Review by: Jack Foley | Rating:
IN REAL-life, Denmark's Crown Prince Frederik, once considered
to be the world's most eligible bachelor, recently tied the knot
with Australian businesswoman, Mary Donaldson, in a ceremony attended
by hundreds of the world's royals.
The union marked something of a fairy-tale come true for Donaldson,
who met the prince four years ago, at a bar, during the Sydney
Sadly, the fairy-tale becomes a nightmare for anyone who goes
to see the film inspired by these events, which has to rate among
the worst examples of Hollywood's penchant for sugar-coated overload.
The Prince and Me isn't so much bad, as terrible - a romantic
comedy that consistently fails to generate laughs, or chemistry,
which also attempts to be much more clever than it really is.
Not even the charisma of its leading lady, Julia Stiles, can
save it from the overlong bore it becomes, due to its laborious
pacing and cliché-ridden script.
The film tells the story of university student, and doctor-in-waiting,
Paige Morgan (Stiles), who vows to let nothing stand in the way
of her dream career, until she meets and unwittingly falls in
love with Luke Mably’s Eddie, a Danish student attempting
to chance his luck with the American ladies.
Unbeknown to Paige, however, Eddie is actually Edvard Valdemar,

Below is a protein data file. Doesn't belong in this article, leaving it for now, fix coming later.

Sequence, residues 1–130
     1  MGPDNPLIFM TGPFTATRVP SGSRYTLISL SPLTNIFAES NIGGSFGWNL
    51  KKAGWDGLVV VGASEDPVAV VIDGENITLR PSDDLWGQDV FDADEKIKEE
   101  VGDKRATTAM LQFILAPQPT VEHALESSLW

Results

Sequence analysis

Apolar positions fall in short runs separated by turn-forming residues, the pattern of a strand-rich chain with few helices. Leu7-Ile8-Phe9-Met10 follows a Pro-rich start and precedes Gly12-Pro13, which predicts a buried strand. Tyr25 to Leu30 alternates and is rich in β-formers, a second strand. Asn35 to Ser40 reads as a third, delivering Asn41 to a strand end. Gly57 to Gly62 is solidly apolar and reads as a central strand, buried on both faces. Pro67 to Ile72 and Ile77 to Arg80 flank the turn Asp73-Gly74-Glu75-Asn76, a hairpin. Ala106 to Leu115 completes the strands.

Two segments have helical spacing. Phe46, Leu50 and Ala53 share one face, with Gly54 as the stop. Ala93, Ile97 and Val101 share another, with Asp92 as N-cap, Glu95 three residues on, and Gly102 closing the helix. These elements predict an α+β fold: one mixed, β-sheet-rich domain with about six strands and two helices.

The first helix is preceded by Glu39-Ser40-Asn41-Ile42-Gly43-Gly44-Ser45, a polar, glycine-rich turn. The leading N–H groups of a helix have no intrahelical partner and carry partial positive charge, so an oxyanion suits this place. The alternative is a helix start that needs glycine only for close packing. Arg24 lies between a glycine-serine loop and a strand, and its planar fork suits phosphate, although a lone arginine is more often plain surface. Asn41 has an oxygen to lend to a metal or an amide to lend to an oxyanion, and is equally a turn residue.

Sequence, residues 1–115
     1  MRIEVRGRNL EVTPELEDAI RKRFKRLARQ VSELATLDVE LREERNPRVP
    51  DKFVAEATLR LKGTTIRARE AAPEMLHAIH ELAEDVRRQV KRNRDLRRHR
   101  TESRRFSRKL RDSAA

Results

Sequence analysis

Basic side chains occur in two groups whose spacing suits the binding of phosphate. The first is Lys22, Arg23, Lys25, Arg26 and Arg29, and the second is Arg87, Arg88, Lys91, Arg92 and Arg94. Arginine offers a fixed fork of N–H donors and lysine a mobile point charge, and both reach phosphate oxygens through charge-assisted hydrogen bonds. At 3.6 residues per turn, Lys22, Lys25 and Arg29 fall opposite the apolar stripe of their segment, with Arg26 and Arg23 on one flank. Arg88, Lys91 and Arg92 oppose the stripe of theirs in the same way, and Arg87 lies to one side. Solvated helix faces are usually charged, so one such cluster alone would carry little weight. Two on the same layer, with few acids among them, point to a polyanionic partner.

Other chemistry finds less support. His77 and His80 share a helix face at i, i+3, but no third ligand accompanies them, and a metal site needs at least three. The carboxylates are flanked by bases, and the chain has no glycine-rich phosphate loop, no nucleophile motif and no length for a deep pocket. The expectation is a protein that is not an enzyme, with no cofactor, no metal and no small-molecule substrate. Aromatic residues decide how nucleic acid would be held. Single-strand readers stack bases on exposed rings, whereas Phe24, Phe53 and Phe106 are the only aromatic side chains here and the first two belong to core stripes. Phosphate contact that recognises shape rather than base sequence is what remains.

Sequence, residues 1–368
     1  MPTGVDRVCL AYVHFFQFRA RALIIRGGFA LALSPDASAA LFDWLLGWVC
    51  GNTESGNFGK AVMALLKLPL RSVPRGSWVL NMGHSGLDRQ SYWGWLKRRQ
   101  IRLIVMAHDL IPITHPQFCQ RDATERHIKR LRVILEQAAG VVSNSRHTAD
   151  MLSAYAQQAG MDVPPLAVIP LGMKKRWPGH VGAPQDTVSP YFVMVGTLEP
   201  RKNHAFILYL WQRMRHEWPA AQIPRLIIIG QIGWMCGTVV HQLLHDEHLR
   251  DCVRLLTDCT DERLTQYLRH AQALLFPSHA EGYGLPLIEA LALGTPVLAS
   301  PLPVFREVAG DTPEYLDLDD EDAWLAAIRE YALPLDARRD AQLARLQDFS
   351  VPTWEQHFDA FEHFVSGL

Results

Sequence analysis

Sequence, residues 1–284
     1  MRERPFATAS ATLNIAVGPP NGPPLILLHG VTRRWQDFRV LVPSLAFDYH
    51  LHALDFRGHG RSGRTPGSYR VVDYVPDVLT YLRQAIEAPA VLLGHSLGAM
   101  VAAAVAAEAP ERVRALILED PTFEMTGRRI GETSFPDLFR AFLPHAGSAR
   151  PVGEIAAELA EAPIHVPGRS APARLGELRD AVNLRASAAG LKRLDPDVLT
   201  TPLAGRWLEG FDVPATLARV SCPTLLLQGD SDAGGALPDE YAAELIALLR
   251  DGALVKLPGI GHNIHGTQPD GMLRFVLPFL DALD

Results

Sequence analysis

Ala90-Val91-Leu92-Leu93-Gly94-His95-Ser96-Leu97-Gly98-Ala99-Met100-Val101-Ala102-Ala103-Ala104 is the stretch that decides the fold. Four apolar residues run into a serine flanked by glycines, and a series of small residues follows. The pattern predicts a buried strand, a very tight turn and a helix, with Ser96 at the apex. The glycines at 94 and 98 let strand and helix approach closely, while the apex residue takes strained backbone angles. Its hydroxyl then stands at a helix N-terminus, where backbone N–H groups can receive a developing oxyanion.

the Crown Prince of Denmark, who is reluctant to accept his destiny,
and who has travelled to the US in search of fast cars and even
The two initially despise each other,
but slowly begin to form a begrudging respect, so that by the
time his identity becomes revealed by a chasing pack of royal
photographers, both are forced to come to terms with their feelings
for each other, and the sacrifices a relationship may entail.
The Prince and Me is directed by Sex In The City helmer, Martha
Coolidge, and features a cameo from another of the world's most
infamous playboys, Eddie Irvine, which, you would have thought,
may have spiced things up a little.
Sadly, in its desire to appeal to the pre-teen market, the film
has been saddled with a PG certificate and is as sickly sweet
an affair as you could possibly hope to avoid. Had it treated
its audience more as grown-ups, it may have fared better.
As it is, audiences are forced to endure a series of hopelessly
contrived scenarios, all of which are sign-posted miles in advance,
and which come complete with virtually a groan a scene.
Stiles makes the most of her insipid role and actually turns
in a far better performance than her material justifies, but not
even she can make her relationship with Mably's Eddie seem believable,
given his bland turn as a charisma-free playboy, who can't seem
to decide on which accent to keep (be it English or Danish).
Ben Miller crops up as a servant with a penchant for delivering
dead-pan lines, while Edward Fox and Miranda Richardson go through
the motions as royalty, but the overall feeling is best summed
up by the look of constant disbelief etched on Miller’s
face - which frequently borders on disdain.
If fairy-tales are really your thing, then stick to re-runs of
CNN's news coverage of the real Prince Frederik's big day, rather
than wasting your time on this turgid nonsense.